Rita and Jim Smith and their Teslas

Other than for a flat tire, you’ll almost never see an electric car on the side of the road awaiting a service vehicle or tow truck. That’s because an EV will never need any of the following expensive repairs — the parts simply don’t exist on an EV:

Transmission

Timing belt

Fuel pump

Muffler or stolen catalytic converter

Water pump

Fan belt

Power steering pump

Power brakes pump

Radiator leak/anti-freeze

Engine work of any kind

Spark plugs/points

There’s no “check engine” light because there’s no engine, so you won’t pay to “pull codes” and reset it. And no emissions testing. The electric motors in EVs, like those in other devices, are dependable, only failing if they are worked too hard, and the computers in Teslas (and presumably other EVs) don’t let that happen.

EVs have Battery Management Systems (BMS) which are critical to maintaining battery health and performance. In Teslas, there is a sealed coolant system which maintains the battery at its optimum performance temperature (70° F) year-round, including cooling it when it is being supercharged or when it sends a high level of power to the electric motor(s).

Lithium batteries, unlike lead acid batteries, do not fail abruptly, but rather degrade over time. The reason lead acid batteries fail abruptly, I’m told, is that they consume the lead when they are charged and discharged. Lithium ion batteries don’t consume the lithium. The rate of degradation has been estimated at 1% per year, so a battery with 300 miles of range might degrade to 270 miles of range in 10 years. That matches my experience.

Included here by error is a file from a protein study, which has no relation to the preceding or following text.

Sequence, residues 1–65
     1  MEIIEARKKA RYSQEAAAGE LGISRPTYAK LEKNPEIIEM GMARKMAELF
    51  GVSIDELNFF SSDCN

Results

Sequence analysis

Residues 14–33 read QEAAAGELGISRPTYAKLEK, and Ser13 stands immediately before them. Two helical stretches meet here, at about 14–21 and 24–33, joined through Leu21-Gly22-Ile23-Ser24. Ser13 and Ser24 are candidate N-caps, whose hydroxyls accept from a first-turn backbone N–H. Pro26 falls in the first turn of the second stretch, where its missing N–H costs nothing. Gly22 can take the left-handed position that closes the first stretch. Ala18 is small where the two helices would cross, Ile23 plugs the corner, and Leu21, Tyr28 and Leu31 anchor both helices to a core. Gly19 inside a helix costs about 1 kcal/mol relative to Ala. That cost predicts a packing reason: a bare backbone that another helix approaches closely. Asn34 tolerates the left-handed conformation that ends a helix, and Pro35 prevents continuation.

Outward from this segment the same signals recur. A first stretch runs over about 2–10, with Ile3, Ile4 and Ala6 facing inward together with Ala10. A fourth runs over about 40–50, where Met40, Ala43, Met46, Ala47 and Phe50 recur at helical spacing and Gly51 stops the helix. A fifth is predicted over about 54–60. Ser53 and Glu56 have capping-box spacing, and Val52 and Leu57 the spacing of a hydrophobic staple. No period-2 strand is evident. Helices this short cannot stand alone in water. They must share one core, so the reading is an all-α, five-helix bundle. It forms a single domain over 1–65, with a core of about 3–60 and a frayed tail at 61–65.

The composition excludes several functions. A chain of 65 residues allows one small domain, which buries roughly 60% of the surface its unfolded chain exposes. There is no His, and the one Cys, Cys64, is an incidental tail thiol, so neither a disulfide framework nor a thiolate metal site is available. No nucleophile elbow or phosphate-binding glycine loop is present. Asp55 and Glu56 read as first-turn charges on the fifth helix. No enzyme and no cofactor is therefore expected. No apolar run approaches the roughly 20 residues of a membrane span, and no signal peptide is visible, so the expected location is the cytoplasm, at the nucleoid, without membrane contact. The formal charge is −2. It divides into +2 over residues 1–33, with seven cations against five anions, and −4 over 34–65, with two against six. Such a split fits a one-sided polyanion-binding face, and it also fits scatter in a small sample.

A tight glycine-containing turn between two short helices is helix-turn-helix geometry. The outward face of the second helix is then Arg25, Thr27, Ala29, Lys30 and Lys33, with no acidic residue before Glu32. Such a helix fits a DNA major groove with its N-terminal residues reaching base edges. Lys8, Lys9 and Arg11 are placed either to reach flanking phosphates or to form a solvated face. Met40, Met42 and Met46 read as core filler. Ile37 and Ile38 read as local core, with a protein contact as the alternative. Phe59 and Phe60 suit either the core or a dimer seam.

As people wait for the purchase price of EVs to equal that of a gas-powered car — which has largely happened — they shouldn’t overlook the lower cost of fuel (3 to 4 cents per mile vs.10 cents and higher) and the dramatically lower cost of maintenance and repair. And fleet buyers won’t have to buy 12 EVs in order to always have 10 on the road because of how rarely EVs will be in the shop.

Price Reduced on Home With 24’x24’ Workshop

    This home at 14122 W. 59th Ave. is in Arvada, a half mile south of the Susan M. Duncan YMCA. It was advertised last week for $1.1 million. The owner, who had the home built to his specifications, is a retired engineer, and he will provide the buyer with complete plans for the home and its 24’x24’ detached workshop. You can see the workshop, which has 240V power, at the end of driveway.

It is insulated, heated and air conditioned and is being sold with all the tools, work benches and machines, and the home is being sold fully furnished! The home has been beautifully maintained inside and out, with great landscaping. There is no HOA, so there’s a 13’x35’ RV parking space next the workshop, too!

To fully appreciate this amazing home, watch my narrated video tour of it and the workshop by clicking on the image below or at www.ArvadaHome.info, then call your agent or me at 303-525-1851 for a private showing.  Come to my open house this Saturday from 11 am to 1 pm.

Can We Say Goodbye to Agents Claiming to Be ‘5280 Five-Star Professionals’?

For years I have complained about colleagues who claimed that 5280 Magazine had honored them as “Five Star Professionals” when in fact the magazine had nothing to do with the honor.

Rather, Five Star Professionals is a Minnesota company which runs the program by that name and would purchase a large block of pages in the September issue of 5280 Magazine every year to promote the “winners” of that award.

Each year I am notified of my “nomination” to be named a Five Star Professional, and one time I responded to see how their program operates. It’s basically a scheme to get agents to buy, among other things, large display ads at inflated prices within that large block of advertising within 5280 Magazine’s September edition. What bothered me the most was that both 5280 Magazine and Five Star Professional looked the other way when the “winners” would then promote themselves as “5280 Magazine Five Star Professionals” for years to come.

I won’t dispute Five Star Professionals vetting process here (although I have in the past), but I welcome the fact that their advertising may no longer appear in 5280 Magazine and that “winners” can no longer mislead clients and colleagues by implying that the magazine awarded them the Five Star Professional citation.